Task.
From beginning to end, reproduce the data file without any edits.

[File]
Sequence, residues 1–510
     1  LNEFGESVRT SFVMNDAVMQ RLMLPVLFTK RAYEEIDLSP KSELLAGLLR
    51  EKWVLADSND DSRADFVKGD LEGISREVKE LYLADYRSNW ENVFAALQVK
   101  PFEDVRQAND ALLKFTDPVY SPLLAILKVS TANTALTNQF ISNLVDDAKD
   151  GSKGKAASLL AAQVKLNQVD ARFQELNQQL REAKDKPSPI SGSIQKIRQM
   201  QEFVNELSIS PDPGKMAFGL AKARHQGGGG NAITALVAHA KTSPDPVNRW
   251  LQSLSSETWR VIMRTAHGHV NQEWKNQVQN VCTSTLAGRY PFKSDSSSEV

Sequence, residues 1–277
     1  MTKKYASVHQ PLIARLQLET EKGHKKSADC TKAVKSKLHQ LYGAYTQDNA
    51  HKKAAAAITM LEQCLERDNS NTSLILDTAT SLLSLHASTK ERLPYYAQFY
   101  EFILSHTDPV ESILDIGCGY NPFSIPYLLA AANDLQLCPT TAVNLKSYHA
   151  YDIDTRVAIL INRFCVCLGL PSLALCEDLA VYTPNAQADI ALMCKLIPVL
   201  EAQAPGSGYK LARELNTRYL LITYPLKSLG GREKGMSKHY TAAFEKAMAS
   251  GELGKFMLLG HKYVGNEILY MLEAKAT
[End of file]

Sequence, residues 1–510
     1  LNEFGESVRT SFVMNDAVMQ RLMLPVLFTK RAYEEIDLSP KSELLAGLLR
    51  EKWVLADSND DSRADFVKGD LEGISREVKE LYLADYRSNW ENVFAALQVK
   101  PFEDVRQAND ALLKFTDPVY SPLLAILKVS TANTALTNQF ISNLVDDAKD
   151  GSKGKAASLL AAQVKLNQVD ARFQELNQQL REAKDKPSPI SGSIQKIRQM
   201  QEFVNELSIS PDPGKMAFGL AKARHQGGGG NAITALVAHA KTSPDPVNRW
   251  LQSLSSETWR VIMRTAHGHV NQEWKNQVQN VCTSTLAGRY PFKSDSSSEV

Sequence, residues 1–277
     1  MTKKYASVHQ PLIARLQLET EKGHKKSADC TKAVKSKLHQ LYGAYTQDNA
    51  HKKAAAAITM LEQCLERDNS NTSLILDTAT SLLSLHASTK ERLPYYAQFY
   101  EFILSHTDPV ESILDIGCGY NPFSIPYLLA AANDLQLCPT TAVNLKSYHA
   151  YDIDTRVAIL INRFCVCLGL PSLALCEDLA VYTPNAQADI ALMCKLIPVL
   201  EAQAPGSGYK LARELNTRYL LITYPLKSLG GREKGMSKHY TAAFEKAMAS
   251  GELGKFMLLG HKYVGNEILY MLEAKAT